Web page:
Dwarves are not heroes, but a calculating folk with a great idea of the value of money; some are tricky and treacherous and pretty bad lots; some are not but are decent enough people like Thorin and Company, if you don’t expect too much.
— JRR Tolkien
The Dwarves – the People of Stone and Steel
The main source of information about the Dwarves is the Appendices in The Lord of the Rings, which describe their history, culture, and language. Unfinished Tales provides a few facts on their everyday life in the late Third Age. In addition, Silmarillion explains the First Age origins of the hostility between the Dwarves and the Elves.
In the third millennium of the Third Age, there are three major Dwarven realms in northwestern Middle-earth: the Blue Mountains, Erebor and the Iron Hills. Tolkien writes little about the Blue Mountains, but it appears to be the most significant one. For instance, Thorin Oakenshield settles there after the destruction of Erebor.
The Dwarves are also a travelling people. Tolkien mentions several times how they go along the roads of Eriador and through the passes of the Misty Mountains. That is, for instance, how Gandalf and Thorin meet for the first time in Bree, an encounter that sows the seed for the fateful expedition to Erebor; that particular event is described by Gandalf in Unfinished Tales.
Role-playing a Dwarf
Dwarves ought to be played as artisans and warriors. They are smiths, miners, masons, canal builders, etc. Their skills in such crafts surpass by far those of Men. All also appear to been competent fighters, i.e. the Children of Durin are a people in arms.
But their number is tiny compared to all other Free Peoples and that affects how they look on the world. They know that a determined enemy – like Sauron – might be able to exterminate them. The fall of Moria in the 1980s, Smaug’s devastation of Erebor and the war against the Orcs in the 2790s depleted their numbers badly and because of low birth rates, they have not yet recovered at the end of Third Age.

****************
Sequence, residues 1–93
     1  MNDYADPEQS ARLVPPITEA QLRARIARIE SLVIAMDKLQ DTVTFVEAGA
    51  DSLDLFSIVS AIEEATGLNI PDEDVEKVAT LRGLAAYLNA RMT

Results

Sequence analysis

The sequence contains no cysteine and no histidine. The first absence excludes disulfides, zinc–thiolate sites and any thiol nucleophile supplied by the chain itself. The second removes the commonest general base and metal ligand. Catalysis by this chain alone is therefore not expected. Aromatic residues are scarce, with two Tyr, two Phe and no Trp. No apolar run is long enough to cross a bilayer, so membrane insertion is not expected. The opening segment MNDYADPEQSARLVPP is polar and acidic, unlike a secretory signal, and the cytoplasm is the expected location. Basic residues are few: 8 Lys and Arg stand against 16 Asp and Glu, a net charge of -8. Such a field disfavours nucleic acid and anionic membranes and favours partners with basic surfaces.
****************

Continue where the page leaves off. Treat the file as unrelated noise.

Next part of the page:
The Dwarves have both external enemies (e.g. Easterlings, Orcs, and the servants of the Shadow) and internal (e.g. excessive pride, greed and ambition). To speak in character creation terminology, all that ought to give them some psychological disadvantages, e.g. Won’t Back Down, Speaks the Truth, Speciecism (“racism”), Quick to Anger, and Greedy. Their compensating advantages may, among others, be Endurance, Robust Physique, Master Craftsman, and Combat Prowess. The Lord of the Rings shows that Dwarves are elite warriors, whereas the common Orcs (snaga, goblins) are cannon fodder. At Helm’s Deep, Gimli slays 42 Orcs while receiving only a light wound. Men and uruk-hai are harder to defeat, while cave trolls and olog-hai are serious adversaries.
In this campaign the Dwarven player characters will therefore be well equipped and battle-hardy, but they are few and their enemies numerous. And Dwarves in boats will always be at a disadvantage.
Part III will be published on February 20.